Air Canada, WestJet would have been better off grounding more flights: Porter Airlines Chairman Donald Carty
Porter Airlines Chair Donald Carty said Canadian airlines like Air Canada and WestJet Airlines Ltd. probably would have been better off grounding more flights throughout the pandemic to better manage costs.
Carty believes that if the airlines knew how long the COVID-19 pandemic would last and how long it would take for the government to provide financial support, they might have chosen to halt more flying.
“They’ve been flying around with airplanes that are far from full and not sufficiently full to pay for the operation,” said Carty, who also was the CEO of American Airlines from 1998 to 2003, in a broadcast interview Friday.
Ottawa and Air Canada reached a deal last month for a $5.9 billion financial aid package through the Large Employer Emergency Financing Facility (LEEFF) program. The deal awarded the federal government with $500 million in equity in Canada's biggest airline, the first time it has taken a stake in the company since the 1980s.
Porter Airlines suspended operations in March 2020 and has delayed the restart of flights multiple times throughout the pandemic.
“We needed to preserve this airline for our team members and guests to come back to. So we grounded the entire airline and that was the right financial decision absent of financial aid to keep it going,” Carty said.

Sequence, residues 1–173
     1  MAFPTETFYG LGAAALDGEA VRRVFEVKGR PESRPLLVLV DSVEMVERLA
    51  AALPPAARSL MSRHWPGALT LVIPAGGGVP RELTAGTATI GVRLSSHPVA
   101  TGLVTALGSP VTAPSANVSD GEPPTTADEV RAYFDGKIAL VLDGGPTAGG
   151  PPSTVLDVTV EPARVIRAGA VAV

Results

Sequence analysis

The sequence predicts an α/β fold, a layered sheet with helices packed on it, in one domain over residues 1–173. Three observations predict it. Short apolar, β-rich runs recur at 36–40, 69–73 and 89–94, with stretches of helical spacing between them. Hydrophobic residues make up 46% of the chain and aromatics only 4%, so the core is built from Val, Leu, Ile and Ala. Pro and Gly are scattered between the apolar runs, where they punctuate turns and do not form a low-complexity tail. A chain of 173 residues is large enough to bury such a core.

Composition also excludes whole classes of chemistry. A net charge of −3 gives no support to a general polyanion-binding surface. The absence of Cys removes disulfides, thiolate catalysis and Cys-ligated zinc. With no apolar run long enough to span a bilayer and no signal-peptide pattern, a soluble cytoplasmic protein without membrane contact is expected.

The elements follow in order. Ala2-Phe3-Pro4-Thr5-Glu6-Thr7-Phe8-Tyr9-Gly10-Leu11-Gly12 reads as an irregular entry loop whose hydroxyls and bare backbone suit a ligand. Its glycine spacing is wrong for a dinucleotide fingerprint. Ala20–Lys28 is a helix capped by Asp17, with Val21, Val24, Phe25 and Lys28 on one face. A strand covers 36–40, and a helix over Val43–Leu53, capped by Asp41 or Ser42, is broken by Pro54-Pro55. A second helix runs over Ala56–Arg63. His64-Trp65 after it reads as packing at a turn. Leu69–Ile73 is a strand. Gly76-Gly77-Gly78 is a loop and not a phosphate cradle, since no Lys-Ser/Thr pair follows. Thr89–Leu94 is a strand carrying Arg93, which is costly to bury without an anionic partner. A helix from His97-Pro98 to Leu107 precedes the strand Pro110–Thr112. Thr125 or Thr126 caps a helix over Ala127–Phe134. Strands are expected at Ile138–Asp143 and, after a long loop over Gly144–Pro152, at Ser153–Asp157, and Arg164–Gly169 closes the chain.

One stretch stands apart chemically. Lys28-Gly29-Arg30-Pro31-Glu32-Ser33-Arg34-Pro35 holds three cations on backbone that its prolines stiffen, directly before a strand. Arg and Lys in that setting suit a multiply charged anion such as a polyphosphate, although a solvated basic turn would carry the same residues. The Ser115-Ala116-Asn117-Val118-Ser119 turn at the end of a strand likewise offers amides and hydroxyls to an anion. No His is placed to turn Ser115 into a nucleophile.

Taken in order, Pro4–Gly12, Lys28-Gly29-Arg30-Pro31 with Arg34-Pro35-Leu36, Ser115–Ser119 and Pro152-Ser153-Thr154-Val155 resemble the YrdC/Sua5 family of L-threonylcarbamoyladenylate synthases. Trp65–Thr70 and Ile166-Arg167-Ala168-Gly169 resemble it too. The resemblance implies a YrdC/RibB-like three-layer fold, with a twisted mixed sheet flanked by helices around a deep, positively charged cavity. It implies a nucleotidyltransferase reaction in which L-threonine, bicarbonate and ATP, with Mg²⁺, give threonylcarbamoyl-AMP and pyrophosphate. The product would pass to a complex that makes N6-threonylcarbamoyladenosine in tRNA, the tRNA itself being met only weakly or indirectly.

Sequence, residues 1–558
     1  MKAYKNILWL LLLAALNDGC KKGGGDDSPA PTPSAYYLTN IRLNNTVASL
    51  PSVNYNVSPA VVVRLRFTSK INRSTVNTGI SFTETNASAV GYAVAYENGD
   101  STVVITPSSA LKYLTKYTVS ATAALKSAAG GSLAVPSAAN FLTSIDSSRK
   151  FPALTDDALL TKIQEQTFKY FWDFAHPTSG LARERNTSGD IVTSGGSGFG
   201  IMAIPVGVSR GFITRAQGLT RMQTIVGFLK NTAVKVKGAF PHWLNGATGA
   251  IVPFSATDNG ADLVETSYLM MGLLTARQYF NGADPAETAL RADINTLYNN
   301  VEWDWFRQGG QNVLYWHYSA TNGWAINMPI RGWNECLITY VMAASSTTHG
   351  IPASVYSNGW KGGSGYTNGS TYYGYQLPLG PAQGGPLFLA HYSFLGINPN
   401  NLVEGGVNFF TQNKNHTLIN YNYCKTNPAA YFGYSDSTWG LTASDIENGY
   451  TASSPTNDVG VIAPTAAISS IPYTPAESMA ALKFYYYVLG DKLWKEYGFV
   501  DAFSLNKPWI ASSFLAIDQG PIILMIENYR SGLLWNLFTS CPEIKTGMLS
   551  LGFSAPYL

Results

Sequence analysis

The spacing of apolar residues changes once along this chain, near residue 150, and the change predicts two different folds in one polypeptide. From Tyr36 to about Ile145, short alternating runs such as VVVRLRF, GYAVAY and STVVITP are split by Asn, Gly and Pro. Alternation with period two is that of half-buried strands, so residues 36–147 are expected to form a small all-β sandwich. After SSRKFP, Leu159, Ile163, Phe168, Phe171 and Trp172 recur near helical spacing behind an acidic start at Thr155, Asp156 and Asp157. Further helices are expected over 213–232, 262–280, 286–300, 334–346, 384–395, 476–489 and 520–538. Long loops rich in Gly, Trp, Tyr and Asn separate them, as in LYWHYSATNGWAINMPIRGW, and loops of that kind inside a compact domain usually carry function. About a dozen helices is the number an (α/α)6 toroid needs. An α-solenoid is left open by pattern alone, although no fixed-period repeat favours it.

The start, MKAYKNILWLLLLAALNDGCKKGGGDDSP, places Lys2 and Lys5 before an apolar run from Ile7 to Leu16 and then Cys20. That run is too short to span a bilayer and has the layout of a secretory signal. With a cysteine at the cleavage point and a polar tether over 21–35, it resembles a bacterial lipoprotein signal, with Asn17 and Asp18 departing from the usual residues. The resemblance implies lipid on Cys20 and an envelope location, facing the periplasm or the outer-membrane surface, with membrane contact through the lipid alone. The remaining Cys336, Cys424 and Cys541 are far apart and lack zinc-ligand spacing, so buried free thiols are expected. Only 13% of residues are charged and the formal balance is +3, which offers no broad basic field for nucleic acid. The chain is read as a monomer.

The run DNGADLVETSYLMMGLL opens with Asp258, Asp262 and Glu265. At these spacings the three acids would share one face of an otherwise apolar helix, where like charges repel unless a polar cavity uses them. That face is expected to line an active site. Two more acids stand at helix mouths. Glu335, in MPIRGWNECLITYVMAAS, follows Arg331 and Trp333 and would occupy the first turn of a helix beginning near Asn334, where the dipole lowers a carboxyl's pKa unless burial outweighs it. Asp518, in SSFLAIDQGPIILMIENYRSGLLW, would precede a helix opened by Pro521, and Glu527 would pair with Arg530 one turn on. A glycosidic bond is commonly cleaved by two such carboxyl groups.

He noted the airline has also had discussions with the federal government about financial support and how to revive the industry. Porter tentatively plans to resume flights on June 21.
“I have no doubt Porter will back on its feet,” he said.
When it comes to how travel will look in a post-pandemic world, Carty expects huge demand for leisure travel but continued weakness for business travellers.
“I think we’ve seen a permanent shift in the amount of business travel there will be,” he said.
Carty said airlines will be forced to reshape their networks amid a shift in consumer travelling habits, with more airplanes scheduled for vacation destinations and fewer airplanes in high-density business markets.